Thursday, June 12, 2014

Observations 6.12.1

A bit of an introduction to my aunt from a post I totally forgot I had written. Click here to read the full post.

(April 14, 2013)

I'm not sure if I have ever mentioned my aunt before but I should have as she is probably one of the more interesting members of my family. In many ways I'm more like my aunt than I am my mom just as in many ways my aunt and mom are very different. Both loved art but my aunt made it her life as she graduated from two art schools and worked at a few museums including the Philadelphia Museum of Art. Never married she lived in Los Angeles and New York, at one time having an apartment just blocks from where I live now, as well as Brooklyn, Philadelphia, and Atlanta. The Atlanta stop I should ask her about because I never could figure that one out.

My aunt is the world traveling rebellious sister while my mom was the much more serious and at times philosophical one. In that way the two remind me a lot of my sister and I. In art my mom's interests ran more towards classical art and history while my aunt loves all things modern and abstract. When my mom lost her hair during chemo she religiously wore a Penn State cap her daughter forced on her. Last year, after being diagnosed with the same rare cancer as my mom, my aunt refused all offers from my rather large hat collection and acquired a large collection of her own, long printed scarves that flow behind her.

Observations 6.12

It's become the worst possible form of deja vu. Some fifteen years ago I watched as my mom was consumed by cancer and as many years later I watch as the disease slowly but ever so surely takes her sister, my aunt.

With my mom I found myself consumed with rage, rage against a world I felt had deserted me. In many ways I took it out on myself because I reasoned if the world had deserted me it was perfectly acceptable to desert myself. Essentially I was selfish. Now I find I'm more retrospective, thinking more about my life, what I've done and what I want to do with it. I think a lot about my family.

I'm sure one explanation of the difference in reactions is simply age, that magic wand called maturity, the different way a thirty year old's mind reacts to a situation compared to a teenager's mind. How much of the difference comes from the knowledge that I carry the same gene that destroyed both my mom and my aunt I can not say. Along with maturity comes knowledge and with that knowledge comes questions, some of those questions never have an answer. Probably the main question is the simplest, why? It's ironic how the simplest question is also one that has no answer.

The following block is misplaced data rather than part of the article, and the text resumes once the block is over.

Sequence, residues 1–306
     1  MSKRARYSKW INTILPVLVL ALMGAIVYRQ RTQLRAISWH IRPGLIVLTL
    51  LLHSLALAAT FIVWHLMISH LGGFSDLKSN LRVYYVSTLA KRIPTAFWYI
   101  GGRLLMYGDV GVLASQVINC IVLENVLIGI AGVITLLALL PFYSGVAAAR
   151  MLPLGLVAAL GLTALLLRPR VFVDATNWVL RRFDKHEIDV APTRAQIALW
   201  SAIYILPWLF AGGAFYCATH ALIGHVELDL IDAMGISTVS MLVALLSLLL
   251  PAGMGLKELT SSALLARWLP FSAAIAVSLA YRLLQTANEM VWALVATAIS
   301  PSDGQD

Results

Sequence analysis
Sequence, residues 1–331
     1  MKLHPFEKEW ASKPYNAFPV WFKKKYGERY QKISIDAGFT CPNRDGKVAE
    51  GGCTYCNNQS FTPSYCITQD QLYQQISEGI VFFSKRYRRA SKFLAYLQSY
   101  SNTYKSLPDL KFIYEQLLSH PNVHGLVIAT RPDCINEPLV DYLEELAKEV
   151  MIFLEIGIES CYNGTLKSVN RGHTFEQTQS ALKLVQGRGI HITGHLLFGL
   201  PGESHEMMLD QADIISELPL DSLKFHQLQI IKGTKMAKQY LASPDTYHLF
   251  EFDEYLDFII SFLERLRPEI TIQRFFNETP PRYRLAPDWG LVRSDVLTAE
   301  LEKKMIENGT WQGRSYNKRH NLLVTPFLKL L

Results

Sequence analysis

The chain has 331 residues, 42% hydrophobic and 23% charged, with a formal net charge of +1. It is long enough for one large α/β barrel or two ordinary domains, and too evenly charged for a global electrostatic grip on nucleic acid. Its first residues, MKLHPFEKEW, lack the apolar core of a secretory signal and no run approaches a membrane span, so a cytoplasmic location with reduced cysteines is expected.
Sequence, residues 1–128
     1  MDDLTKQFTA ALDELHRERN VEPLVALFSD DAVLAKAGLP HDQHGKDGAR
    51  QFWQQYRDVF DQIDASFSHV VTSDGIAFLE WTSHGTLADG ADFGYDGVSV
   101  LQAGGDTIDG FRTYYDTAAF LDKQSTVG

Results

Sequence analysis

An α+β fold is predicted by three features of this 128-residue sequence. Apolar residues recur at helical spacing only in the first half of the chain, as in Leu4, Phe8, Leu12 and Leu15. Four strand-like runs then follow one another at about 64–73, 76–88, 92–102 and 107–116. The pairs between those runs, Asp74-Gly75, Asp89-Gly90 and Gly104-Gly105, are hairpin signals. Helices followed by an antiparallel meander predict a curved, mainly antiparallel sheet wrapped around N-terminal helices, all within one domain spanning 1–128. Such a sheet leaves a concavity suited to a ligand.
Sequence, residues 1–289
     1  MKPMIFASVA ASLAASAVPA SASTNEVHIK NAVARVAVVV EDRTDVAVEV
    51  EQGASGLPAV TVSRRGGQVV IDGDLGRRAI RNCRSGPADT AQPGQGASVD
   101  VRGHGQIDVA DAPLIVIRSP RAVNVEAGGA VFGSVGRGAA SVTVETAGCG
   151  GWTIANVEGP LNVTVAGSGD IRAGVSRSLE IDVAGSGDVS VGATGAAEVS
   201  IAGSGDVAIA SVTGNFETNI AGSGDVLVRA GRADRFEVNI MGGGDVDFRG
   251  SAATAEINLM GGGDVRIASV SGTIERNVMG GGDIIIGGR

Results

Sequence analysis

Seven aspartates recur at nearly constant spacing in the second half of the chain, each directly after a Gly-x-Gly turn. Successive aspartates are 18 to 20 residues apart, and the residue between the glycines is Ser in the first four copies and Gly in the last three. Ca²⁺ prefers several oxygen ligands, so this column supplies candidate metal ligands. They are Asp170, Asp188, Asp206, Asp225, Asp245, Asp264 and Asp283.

It's so hard to put any of what I'm thinking or feeling into words but I had to try if for no other reason than my sanity. When I write, ramble as I might at times, I can see concrete thoughts, this is what I'm thinking. When I talk about my feelings on this or any subject I sometimes change my thoughts before the conversation is over. Normally I like that, I like that my mind is constantly changing, evolving to use an overused word. But in this case I find it all too emotional and feel like my brain is on the verge of burning out. Maybe this will help, maybe not.

But than there are the times I just can't get Birdy's "Wings" out of my head. It is what it is.

Saturday, May 31, 2014

Observations, Pride 2014

Presidential proclamation declaring June LGBT Pride month ....

"I call upon the people of the United States to eliminate prejudice everywhere it exists, and to celebrate the great diversity of the American people."

The White House
Office of the Press Secretary
For Immediate Release May 30, 2014

Presidential Proclamation -- Lesbian, Gay, Bisexual, and Transgender Pride Month, 2014

As progress spreads from State to State, as justice is delivered in the courtroom, and as more of our fellow Americans are treated with dignity and respect -- our Nation becomes not only more accepting, but more equal as well. During Lesbian, Gay, Bisexual, and Transgender (LGBT) Pride Month, we celebrate victories that have affirmed freedom and fairness, and we recommit ourselves to completing the work that remains.

Last year, supporters of equality celebrated the Supreme Court's decision to strike down a key provision of the Defense of Marriage Act, a ruling which, at long last, gave loving, committed families the respect and legal protections they deserve. In keeping with this decision, my Administration is extending family and spousal benefits -- from immigration benefits to military family benefits -- to legally married same-sex couples.